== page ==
HSC Defines Outliers of Attorney General's Investigatory Powers
In re: Investigation of KAHEA (HSC September 21, 2021)
Background. The construction of the Thirty Meter Telescope on the summit of Mauna Kea sparked a protest movement. KAHEA: The Hawaiian Environmental Alliance, is a community-based, tax-exempt, charitable organization, opposes TMT construction. KAHEA operates the Aloha ‘Aina Support Fund. It affords logistical support to TMT protestors and in some cases provides bail when appropriate. KAHEA also challenged the Board of Land and Natural Resources through lawsuits and appeals.
The State’s Attorney General investigated KAHEA. In 2019, the AG served on First Hawaiian Bank a subpoena overing KAHEA’s bank records generated over an approximately two-year period. The AG demanded disclosure of financial records: monthly statements, signature/account cards, debit card assignments, powers of attorney, deposit tickets, cancelled checks, debit and credit memos, loan applications, notice of adverse actions against account holders, other subpoenas requesting records, materials relating to wire transfers, tax records, cashier’s check records, and even “[b]ank surveillance photos to include those from ATM machines.” The subpoena claimed to have been issued in accordance with HRS § 28-2.5(a).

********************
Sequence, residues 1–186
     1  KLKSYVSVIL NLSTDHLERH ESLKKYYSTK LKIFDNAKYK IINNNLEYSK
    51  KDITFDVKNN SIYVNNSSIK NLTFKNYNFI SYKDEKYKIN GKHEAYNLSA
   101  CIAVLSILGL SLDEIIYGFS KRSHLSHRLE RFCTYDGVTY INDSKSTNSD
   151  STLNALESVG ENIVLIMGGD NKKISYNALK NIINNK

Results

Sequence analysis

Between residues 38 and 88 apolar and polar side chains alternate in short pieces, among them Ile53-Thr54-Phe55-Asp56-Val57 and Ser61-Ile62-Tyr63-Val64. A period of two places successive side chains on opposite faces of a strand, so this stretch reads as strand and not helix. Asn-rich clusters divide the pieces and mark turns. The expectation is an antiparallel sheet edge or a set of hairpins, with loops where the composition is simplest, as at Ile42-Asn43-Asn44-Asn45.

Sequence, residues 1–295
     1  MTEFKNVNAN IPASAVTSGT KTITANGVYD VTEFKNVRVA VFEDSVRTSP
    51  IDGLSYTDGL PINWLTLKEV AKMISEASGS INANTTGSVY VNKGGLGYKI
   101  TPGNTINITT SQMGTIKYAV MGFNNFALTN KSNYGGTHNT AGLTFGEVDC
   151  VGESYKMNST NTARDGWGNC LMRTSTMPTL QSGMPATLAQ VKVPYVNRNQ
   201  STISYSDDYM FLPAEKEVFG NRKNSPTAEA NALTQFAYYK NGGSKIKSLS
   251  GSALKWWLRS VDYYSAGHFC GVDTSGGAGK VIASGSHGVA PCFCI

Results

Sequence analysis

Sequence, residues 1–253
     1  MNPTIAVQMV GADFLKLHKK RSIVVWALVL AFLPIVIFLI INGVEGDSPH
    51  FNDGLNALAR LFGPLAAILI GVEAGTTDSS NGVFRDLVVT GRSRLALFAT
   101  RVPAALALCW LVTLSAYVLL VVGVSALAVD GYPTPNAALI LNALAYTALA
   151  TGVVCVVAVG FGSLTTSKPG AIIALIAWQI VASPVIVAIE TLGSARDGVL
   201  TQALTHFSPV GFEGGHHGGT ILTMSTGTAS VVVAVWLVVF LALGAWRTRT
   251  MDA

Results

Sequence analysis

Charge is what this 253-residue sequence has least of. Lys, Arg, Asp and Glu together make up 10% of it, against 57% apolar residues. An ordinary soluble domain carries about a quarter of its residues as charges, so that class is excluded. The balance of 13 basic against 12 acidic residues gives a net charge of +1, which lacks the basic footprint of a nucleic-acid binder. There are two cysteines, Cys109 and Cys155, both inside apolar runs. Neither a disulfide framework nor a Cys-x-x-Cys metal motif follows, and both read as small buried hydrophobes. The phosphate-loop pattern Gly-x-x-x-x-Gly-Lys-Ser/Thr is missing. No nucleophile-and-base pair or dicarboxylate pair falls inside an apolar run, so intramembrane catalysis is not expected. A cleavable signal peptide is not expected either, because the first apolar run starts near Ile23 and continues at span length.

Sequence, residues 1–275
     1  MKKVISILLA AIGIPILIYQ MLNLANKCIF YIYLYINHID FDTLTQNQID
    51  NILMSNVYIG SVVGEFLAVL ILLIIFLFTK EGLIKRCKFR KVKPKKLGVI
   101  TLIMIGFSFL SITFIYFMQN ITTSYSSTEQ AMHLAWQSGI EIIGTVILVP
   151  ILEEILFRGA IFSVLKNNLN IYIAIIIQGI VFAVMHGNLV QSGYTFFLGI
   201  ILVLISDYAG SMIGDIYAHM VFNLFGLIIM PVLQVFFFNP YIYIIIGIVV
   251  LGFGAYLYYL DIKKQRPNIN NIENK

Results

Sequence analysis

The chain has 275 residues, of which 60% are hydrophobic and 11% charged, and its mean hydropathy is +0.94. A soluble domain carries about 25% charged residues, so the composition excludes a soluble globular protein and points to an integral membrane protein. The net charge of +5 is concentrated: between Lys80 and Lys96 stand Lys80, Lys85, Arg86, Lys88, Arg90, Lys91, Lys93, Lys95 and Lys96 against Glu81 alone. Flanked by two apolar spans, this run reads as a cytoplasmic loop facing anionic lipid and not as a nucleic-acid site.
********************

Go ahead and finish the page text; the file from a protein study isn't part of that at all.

KAHEA filed a motion to quash the subpoena. KAHEA argued this was not in the public interest and amounted to retaliation and harassment for KAHEA’s political position on TMT and Mauna Kea. The AG opposed the motion and asserted it was investigating potential law violations. Ultimately, the circuit court, the Hon. Judge James H. Ashford presiding, denied the motion on the grounds that the AG has responsibility to investigate if KAHEA is violating the law and improperly claiming its tax-exempt status. The circuit court struck half of the categories of requested financial documents and allowed production to the AG of documents showing who contributed to the Aloha ‘Aina Fund. KAHEA appealed to the ICA and applied for a direct transfer to the HSC, which was granted.
Law Enforcement’s Power to Investigate. The Attorney General represents “the public interest in the protection of charitable assets” and “shall investigate alleged violations of the law . . .when the attorney general determines that an investigation would be in the public interest.” HRS § 28-2.5(a). The AG “when conducting a civil, administrative, or criminal investigation . . . may . . . require the production of any books, papers, documents, or other objects designated therein or any other record however maintained, including those electronically stored, which are relevant or material to the investigation” HRS § 28-2.5(b).